A jhal-muriwallah in King Arthur’s Court!

The year: 2004. Angus Denoon, British and a chef, came to Kolkata as a tourist. He wanted to do a  short documentary on the city’s famed street food  and the faceless men  and women who run the business. The jhal muriwallah topped the  list of the  people he was keen to meet. To him, he looked more That non-descript man (or woman) was  like a human machine standing (and sometimes sitting) for hours moving his arms in a seemingly mechanical routine. It cast a spell on him. He studied their ways, learnt how to make jhal muri, and started his own business – in the streets of London! Today you might see his quirky, colourful cart flamboyantly signed as  ‘The Everybody Love Jhal Muri Express’ at street corners, weddings, festivals and fairs, and –hold  your breath, even at No 10.

   For nearly two centuries, all kinds of things have been traded between the two countries. But of all things, jhal muri! That beats them all. The  humble puffed rice has now gone places. It may not have offered a hefty foreign exchange bounty. But it has paid back in something far more precious than that – the love and  admiration of dozens of people  of a far country. 

Angus says,"I love being a street food hawker! It’s like having your own kitchen in your van and get a chance to interact with the customers. I do sell phuckas or ghugni chaat sometimes. I get muri from Kolkata and other ingredients from Indian grocery shops found here and ther in London, but I prepare my own chutneys."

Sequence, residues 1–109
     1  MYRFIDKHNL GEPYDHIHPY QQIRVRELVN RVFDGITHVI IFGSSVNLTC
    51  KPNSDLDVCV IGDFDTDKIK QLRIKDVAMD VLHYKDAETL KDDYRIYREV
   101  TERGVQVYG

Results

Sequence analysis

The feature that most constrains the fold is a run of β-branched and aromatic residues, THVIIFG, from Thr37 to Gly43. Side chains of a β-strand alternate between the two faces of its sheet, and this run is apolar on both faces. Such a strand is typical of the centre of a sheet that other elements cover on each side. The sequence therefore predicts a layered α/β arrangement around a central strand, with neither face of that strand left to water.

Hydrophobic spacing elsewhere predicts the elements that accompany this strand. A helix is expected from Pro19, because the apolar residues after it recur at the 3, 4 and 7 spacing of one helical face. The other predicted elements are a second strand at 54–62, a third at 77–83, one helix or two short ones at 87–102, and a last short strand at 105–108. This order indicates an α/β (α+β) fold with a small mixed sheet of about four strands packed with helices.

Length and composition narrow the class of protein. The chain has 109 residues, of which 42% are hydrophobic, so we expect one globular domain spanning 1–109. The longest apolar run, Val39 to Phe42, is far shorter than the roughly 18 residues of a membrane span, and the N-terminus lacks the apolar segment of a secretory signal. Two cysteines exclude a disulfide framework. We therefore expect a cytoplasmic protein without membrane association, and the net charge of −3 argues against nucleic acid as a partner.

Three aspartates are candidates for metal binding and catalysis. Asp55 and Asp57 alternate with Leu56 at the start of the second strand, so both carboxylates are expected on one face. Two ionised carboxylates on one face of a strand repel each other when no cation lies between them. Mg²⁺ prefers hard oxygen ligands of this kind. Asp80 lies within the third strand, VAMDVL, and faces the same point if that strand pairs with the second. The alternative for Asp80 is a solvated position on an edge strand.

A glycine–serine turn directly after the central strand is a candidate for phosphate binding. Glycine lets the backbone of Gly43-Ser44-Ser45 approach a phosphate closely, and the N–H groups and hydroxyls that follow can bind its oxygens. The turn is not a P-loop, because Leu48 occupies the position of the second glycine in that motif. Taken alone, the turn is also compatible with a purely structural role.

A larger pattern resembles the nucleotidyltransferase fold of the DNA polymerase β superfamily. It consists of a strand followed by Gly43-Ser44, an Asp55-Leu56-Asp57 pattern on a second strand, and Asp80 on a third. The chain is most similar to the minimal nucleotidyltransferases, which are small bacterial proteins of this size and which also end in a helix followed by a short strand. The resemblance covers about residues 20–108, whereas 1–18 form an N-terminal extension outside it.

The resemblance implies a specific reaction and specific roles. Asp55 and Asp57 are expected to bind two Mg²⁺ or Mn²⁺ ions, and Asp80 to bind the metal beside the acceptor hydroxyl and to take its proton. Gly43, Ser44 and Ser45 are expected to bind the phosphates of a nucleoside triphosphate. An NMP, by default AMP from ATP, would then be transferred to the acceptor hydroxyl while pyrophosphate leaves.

He gets tremendous response for Jhal muri. A thonga is priced at £2. What is the peak time? Angus says  In between lunch and dinner. Normally I sell about 60-70 paper containers, but it depends on the weather. During the festival time when the weather is good the number increases. My customers are everyone–Asians,  Britishers, assorted others. The Asian community in the UK is very big. In the whole of London there are two Bangladeshi, to my knowledge  selling jhal muri. You will find me in most Indian/Bangladeshi weddings.

Does he have any expansion plans? Angus says,"I have plans to make dry version of jhal muri and it can be sold in packets. In England we have big problem with snacks. Big multi million dollar companies sell take-away snacks. They don’t satisfy one fully because people will buy more. They also put in a lot of chemicals and additives which are very harmful. They are eating chips and other foods. I organize  workshops in schools and I have seen school kids love eating muri. Giving muri is great. They love it, and it’s better for them! I have served many well-to-do and famous people. I have served drug addicts. When they eat it they become normal.

He adds,"Last time when I came to Kolkata, I tried dohi phucka in  the Lake Gardens area. I liked it very much." Maybe one day it also might be there in his  menu.

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